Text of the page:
Thursday, September 24, 2020

Make Your Hero Choose

by Henry Mclaughlin @RiverBendSagas

This week I want to share on a topic I first heard Randy Ingermanson teach on several years ago. It’s a simple yet powerful tool to improve our stories.

Simply stated—force your hero to make a choice. Not just any choice like which burger to order or coffee shop to visit. Make it a tough choice. Not a choice between good and evil, but a choice between good and good.


One of the beauties of this choice is that it flows naturally out of the character you’ve established throughout the story.


The method is simple. As your character moves through the story, make it clear to the reader there are things he values highly. We all have core values, beliefs we will hold onto no matter. Giving a character values is something I think most, if not all, readers can identify with.


Once you have established her values, pick the two most important, and then write the story with these values in mind. Provide instances were these values are evident through her actions and thoughts. Let it flow naturally. If we try to force it into a scene, it will come across manipulative and phony.


I’ll give you an example from my first book, Journey to Riverbend. By the end of the novel, two of the hero’s, Michael Archer, values are clear.


One is he will always keep his word. Before he met Jesus, Michael lived a life of cheating and lying. Back then his word was, as Rich Mullins once sang, as useless as a screen door on a submarine. Since surrendering to Jesus, Michael keeps every promise he makes, no matter how hard the task. The story begins with Michael promising a young Ben Carstairs he would visit Ben's father to complete a prodigal son reconciliation. Ben is about to hang for murder and his father is nothing like the father in the Bible story.


The other value prominent in the story is Michael will not kill anyone. He believes he killed his father and, before he met Jesus, other people only existed to help get what he wanted. If they didn’t, he took whatever measures he needed to get them out of the way. There is a point in the second act where this value surfaces. Michael and his posse are ambushed. One way to escape is for Michael to shoot and kill one of the bandits. Instead, he shoots to wound.


Later, at the climax, this option is not available. He is in the position of having to kill another person to keep his word to Ben. At that moment, he has to choose between his core values.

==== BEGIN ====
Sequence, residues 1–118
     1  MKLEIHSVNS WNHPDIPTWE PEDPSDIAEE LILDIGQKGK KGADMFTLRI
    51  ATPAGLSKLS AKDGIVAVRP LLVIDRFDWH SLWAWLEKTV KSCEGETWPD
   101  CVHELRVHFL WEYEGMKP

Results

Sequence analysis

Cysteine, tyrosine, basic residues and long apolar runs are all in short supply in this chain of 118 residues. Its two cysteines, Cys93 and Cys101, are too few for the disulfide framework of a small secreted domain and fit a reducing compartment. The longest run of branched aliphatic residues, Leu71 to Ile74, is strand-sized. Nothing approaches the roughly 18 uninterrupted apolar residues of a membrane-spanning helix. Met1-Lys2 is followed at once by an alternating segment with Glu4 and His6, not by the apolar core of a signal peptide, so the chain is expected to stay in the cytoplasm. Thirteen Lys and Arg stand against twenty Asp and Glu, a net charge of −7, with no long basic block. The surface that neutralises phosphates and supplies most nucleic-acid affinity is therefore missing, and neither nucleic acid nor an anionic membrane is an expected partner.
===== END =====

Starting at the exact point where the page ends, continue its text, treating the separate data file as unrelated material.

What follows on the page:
In another about our heroes facing death. click here And it isn’t always or necessarily physical death. In Journey to Riverbend, Michael faces spiritual and psychological death because of the choice he has to make.


The higher and more universally shared the values, the greater the stakes, and the more intense the tension and inner conflict. This is not the time to have the cavalry ride to the rescue. No deus ex machina to pull a rabbit out of the hat. This is a choice only the hero can make. In the denouement, we can show the consequences of the choice.

In your current work, what would your hero do when confronted with making a moral choice between two equally desirable values?


Make Your Hero Choose - Henry McLaughlin, @RiverBendSagas on @EdieMelson (Click to Tweet)

Henry’s debut novel, Journey to Riverbend, won the 2009 Operation First Novel contest.

Henry edits novels, leads critique groups, and teaches at conferences and workshops. He enjoys mentoring and coaching individual writers. 

Connect with Henry on his blogTwitter and Facebook.


  1. Henry, this is one of the most valuable posts for novel writers. It's the key to successful plotting. Many thanks!

    1. You are most welcome. I can testify I have found it very helpful.

  2. This is also a good idea when writing for children (which I do). Thanks for sharing such great insight, Henry.

    1. You're welcome, Crystal. I'm blessed you found this post helpful.

  3. Thanks for this writing this morning. It's very meaningful and helpful to me. Always so good to read your words.Thank you for sharing.

  4. It's so important to let characters make decisions and face their own consequences. That's the best way to show a story, rather than tell it. Thank you so much for this!

    1. You're welcome, A.C. This technique has helped in every novel I'v written.